Governing With Intentionality: Practices That Correlate With Success

For school boards, the past two and a half years have been more like firefighting than traditional governance. As we kick off a hopefully more settled school year, what’s next for trustees? Every independent school has a distinct vision and mission to focus leadership and governance, but research can provide a generative lens on governance practice that can help boards vastly increase their effectiveness.

Every few years, the nonprofit governance organization BoardSource conducts “Leading with Intent,” a study to investigate how nonprofit boards go about their work and what practices most correlate with success. Respondents include CEOs and board chairs from various sectors, including social services, human rights, health care, arts and culture, and education. The 2021 study revealed four key findings that should serve as conversation starters for independent school boards. To get the juices flowing, I have proposed some questions specific to the independent school context.

The Findings

1. Boards are disconnected from the communities and people they serve. Almost half (49%) of chief executives responding to the BoardSource survey said that they did not have the right board members to “establish trust with the communities they serve.”

Trust in core U.S. institutions is at an all-time low.According to a recent Gallup survey, “confidence currently ranges from a high of 68% for small business to a low of 7% for Congress.” In a polarized society, such as what we are facing today, boards and heads must work together to enhance trust in their school communities. That begins with building a board that embraces the school’s values and incorporates the voices of the community in its deliberations and strategy setting.

Questions to ask:

  • When people look at the makeup of the board, what does it say about what the school values? Is that in line with what the school says it values through its vision, mission, and value statements?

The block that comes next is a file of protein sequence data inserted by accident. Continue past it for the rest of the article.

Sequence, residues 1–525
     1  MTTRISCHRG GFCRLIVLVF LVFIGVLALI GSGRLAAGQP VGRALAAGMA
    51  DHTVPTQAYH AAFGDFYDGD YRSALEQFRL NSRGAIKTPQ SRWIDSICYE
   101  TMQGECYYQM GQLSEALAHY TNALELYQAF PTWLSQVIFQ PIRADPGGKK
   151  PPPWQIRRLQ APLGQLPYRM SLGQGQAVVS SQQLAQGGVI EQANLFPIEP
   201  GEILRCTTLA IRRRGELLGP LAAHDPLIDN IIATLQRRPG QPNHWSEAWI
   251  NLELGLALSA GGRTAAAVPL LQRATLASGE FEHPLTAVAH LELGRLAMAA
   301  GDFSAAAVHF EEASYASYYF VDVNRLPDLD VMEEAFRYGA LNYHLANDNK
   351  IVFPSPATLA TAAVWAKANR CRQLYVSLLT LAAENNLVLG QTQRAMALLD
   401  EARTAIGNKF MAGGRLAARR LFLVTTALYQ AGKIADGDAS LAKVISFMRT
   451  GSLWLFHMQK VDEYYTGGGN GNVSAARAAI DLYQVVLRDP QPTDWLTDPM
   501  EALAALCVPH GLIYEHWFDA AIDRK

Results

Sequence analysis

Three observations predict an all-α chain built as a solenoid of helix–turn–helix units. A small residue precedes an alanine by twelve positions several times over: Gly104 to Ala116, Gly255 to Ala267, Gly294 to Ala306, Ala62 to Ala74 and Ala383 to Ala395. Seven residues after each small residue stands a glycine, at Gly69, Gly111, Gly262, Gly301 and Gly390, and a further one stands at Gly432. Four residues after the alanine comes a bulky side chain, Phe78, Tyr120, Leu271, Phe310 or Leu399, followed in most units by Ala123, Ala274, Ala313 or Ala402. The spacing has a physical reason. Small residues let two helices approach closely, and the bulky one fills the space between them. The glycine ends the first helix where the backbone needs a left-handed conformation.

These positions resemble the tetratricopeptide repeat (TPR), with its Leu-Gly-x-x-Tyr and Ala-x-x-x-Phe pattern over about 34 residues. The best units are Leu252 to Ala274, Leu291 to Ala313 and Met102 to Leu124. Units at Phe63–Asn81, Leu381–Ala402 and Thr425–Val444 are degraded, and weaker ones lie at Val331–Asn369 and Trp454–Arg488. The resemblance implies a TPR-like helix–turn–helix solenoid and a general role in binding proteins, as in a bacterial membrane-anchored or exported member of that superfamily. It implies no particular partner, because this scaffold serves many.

• Does the board include a diversity of voices? If not, what structures are available to change that (such as succession planning, advisory boards, task forces)?
  • When debating strategic issues, does the board build trust by incorporating stakeholder voices in the board’s process of developing a comprehensive understanding of the issue and the options for addressing it?
  • Does the board have a communications process to keep the community informed on key governance issues?

The answer to these questions may help focus board goals on structure and process for the coming years.

2. Boards that prioritize fundraising above all else when it comes to the board’s role do so at the expense of organizational strategy, relevance, and impact. Respondents that placed the highest level of importance on fundraising had lower ratings in several key areas of performance as compared to those that do not place such high importance on fundraising.

There is no doubt that fundraising plays an important role in the long-term sustainability of independent schools, but are trustees intentional about the intersection between fundraising and vision, mission, and values?

Questions to ask:

  • How are the school’s vision, mission, and values incorporated into fundraising strategy?
  • Is the board’s role in fundraising balanced by attendance to other mission-critical needs?
  • What structures and processes are in place to ensure the right balance in how the board prioritizes its work?
  • Have the head and board explored other ways to involve donors in the community other than board service?
It is critically important for boards to set goals to drive their work, but do they have a process to ensure the right balance in those goals? For example, the board may consider using frameworks like the Balanced Scorecard to ensure that they are balancing financial effectiveness with other important measures. The Balanced Scorecard can help a board set strategy and evaluate success through four lenses: financial success, learning and growth, customer satisfaction, and organizational process effectiveness, asking these questions:
  • How do customers see us? (customer perspective)
  • What must we excel at? (internal perspective)
  • Can we continue to improve and create value? (innovation and learning perspective)